After more than a year of negative surprises on the debt management and economic growth fronts, much of the bad news has already been priced in by the Middle East equity markets. While much remains to be done, including strengthening bank balance sheets in UAE and Bahrain and regulatory reform to make key industries more competitive and efficient in Saudi Arabia and Egypt, we believe that next year we will see sufficient additional progress on these fronts. Most global investors are underweight in this region and are likely to incrementally increase allocation here if reforms continue to progress. However, there is a strong dependency on global growth and risk appetite, again underscoring the pivotal nature of global policymaker actions.

When driving in the fog of global policy uncertainty, it is difficult to look farther than you can see. Hence it will pay to maintain a balanced portfolio that includes a mix of risky assets such as equity and commodities to achieve long-term growth objectives while maintaining a sizeable allocation to safe assets such as deposits, short-term bonds, and income-producing property in populous regions. In the early part of the upcoming year, investors should position their investment portfolios positively to capture the growth momentum generated by the recently extended stimulus policies.

However, as valuations and commodity prices rise, the second half of next year will prove to be challenging. So keep driving through the fog, but also keep one foot on the brake pedal.

Rehan Syed is the head of portfolio management at the ABN AMRO private bank in Dubai. The opinion expressed is personal

'Falling for Christmas'

Director: Janeen Damian

Stars: Lindsay Lohan, Chord Overstreet, Jack Wagner, Aliana Lohan

Rating: 1/5

If you go

The flights
Etihad (etihad.com) flies from Abu Dhabi to Luang Prabang via Bangkok, with a return flight from Chiang Rai via Bangkok for about Dh3,000, including taxes. Emirates and Thai Airways cover the same route, also via Bangkok in both directions, from about Dh2,700.
The cruise
The Gypsy by Mekong Kingdoms has two cruising options: a three-night, four-day trip upstream cruise or a two-night, three-day downstream journey, from US$5,940 (Dh21,814), including meals, selected drinks, excursions and transfers.
The hotels
Accommodation is available in Luang Prabang at the Avani, from $290 (Dh1,065) per night, and at Anantara Golden Triangle Elephant Camp and Resort from $1,080 (Dh3,967) per night, including meals, an activity and transfers.

The specs

Engine: Dual synchronous electric motors
Power: 660hp
Torque: 1,100Nm
Transmission: Single-speed automatic
Touring range: 488km-560km
Price: From Dh850,000 (estimate)
On sale: October

EXPATS

Director: Lulu Wang

Stars: Nicole Kidman, Sarayu Blue, Ji-young Yoo, Brian Tee, Jack Huston

Rating: 4/5

The most expensive investment mistake you will ever make

When is the best time to start saving in a pension? The answer is simple – at the earliest possible moment. The first pound, euro, dollar or dirham you invest is the most valuable, as it has so much longer to grow in value. If you start in your twenties, it could be invested for 40 years or more, which means you have decades for compound interest to work its magic.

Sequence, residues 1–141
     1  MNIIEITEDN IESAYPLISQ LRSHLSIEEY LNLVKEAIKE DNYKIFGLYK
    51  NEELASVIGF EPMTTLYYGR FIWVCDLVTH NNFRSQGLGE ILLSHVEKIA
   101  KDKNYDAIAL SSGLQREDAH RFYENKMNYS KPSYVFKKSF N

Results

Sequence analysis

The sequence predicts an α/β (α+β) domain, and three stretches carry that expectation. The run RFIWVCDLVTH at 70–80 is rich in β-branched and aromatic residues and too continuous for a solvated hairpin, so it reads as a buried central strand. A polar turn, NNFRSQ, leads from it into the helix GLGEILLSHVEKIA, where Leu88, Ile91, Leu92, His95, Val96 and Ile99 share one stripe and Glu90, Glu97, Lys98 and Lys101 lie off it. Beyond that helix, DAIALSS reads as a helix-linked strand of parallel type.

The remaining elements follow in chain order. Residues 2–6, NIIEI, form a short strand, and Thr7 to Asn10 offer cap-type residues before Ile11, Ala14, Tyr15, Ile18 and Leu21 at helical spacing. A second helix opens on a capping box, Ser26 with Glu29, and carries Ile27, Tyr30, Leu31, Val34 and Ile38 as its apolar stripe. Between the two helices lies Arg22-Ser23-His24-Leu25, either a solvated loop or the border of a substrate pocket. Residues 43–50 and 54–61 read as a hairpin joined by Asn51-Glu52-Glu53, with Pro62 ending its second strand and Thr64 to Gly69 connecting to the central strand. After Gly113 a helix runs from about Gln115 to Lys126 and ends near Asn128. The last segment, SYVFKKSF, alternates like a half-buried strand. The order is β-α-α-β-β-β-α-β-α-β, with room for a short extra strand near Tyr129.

“You get growth upon growth upon growth, followed by more growth. The earlier you start the process, the more it will all roll up,” says Chris Davies, chartered financial planner at The Fry Group in Dubai.

This table shows how much you would have in your pension at age 65, depending on when you start and how much you pay in (it assumes your investments grow 7 per cent a year after charges and you have no other savings).

Age

$250 a month

$500 a month

$1,000 a month

25

$640,829

$1,281,657

$2,563,315

35

$303,219

$606,439

$1,212,877

45

$131,596

$263,191

$526,382

55

$44,351

$88,702

$177,403

 

Ballon d’Or shortlists

Men

Sadio Mane (Senegal/Liverpool), Sergio Aguero (Aregentina/Manchester City), Frenkie de Jong (Netherlans/Barcelona), Hugo Lloris (France/Tottenham), Dusan Tadic (Serbia/Ajax), Kylian Mbappe (France/PSG), Trent Alexander-Arnold (England/Liverpool), Donny van de Beek (Netherlands/Ajax), Pierre-Emerick Aubameyang (Gabon/Arsenal), Marc-Andre ter Stegen (Germany/Barcelona), Cristiano Ronaldo (Portugal/Juventus), Alisson (Brazil/Liverpool), Matthijs de Ligt (Netherlands/Juventus), Karim Benzema (France/Real Madrid), Georginio Wijnaldum (Netherlands/Liverpool), Virgil van Dijk (Netherlands/Liverpool), Bernardo Silva (Portugal/Manchester City), Son Heung-min (South Korea/Tottenham), Robert Lewandowski (Poland/Bayern Munich), Roberto Firmino (Brazil/Liverpool), Lionel Messi (Argentina/Barcelona), Riyad Mahrez (Algeria/Manchester City), Kevin De Bruyne (Belgium/Manchester City), Kalidou Koulibaly (Senegal/Napoli), Antoine Griezmann (France/Barcelona), Mohamed Salah (Egypt/Liverpool), Eden Hazard (BEL/Real Madrid), Marquinhos (Brazil/Paris-SG), Raheem Sterling (Eengland/Manchester City), Joao Félix(Portugal/Atletico Madrid)

Women

Sam Kerr (Austria/Chelsea), Ellen White (England/Manchester City), Nilla Fischer (Sweden/Linkopings), Amandine Henry (France/Lyon), Lucy Bronze(England/Lyon), Alex Morgan (USA/Orlando Pride), Vivianne Miedema (Netherlands/Arsenal), Dzsenifer Marozsan (Germany/Lyon), Pernille Harder (Denmark/Wolfsburg), Sarah Bouhaddi (France/Lyon), Megan Rapinoe (USA/Reign FC), Lieke Martens (Netherlands/Barcelona), Sari van Veenendal (Netherlands/Atletico Madrid), Wendie Renard (France/Lyon), Rose Lavelle(USA/Washington Spirit), Marta (Brazil/Orlando Pride), Ada Hegerberg (Norway/Lyon), Kosovare Asllani (Sweden/CD Tacon), Sofia Jakobsson (Sweden/CD Tacon), Tobin Heath (USA/Portland Thorns)

 

 

Museum of the Future in numbers
  • 78 metres is the height of the museum
  • 30,000 square metres is its total area
  • 17,000 square metres is the length of the stainless steel facade
  • 14 kilometres is the length of LED lights used on the facade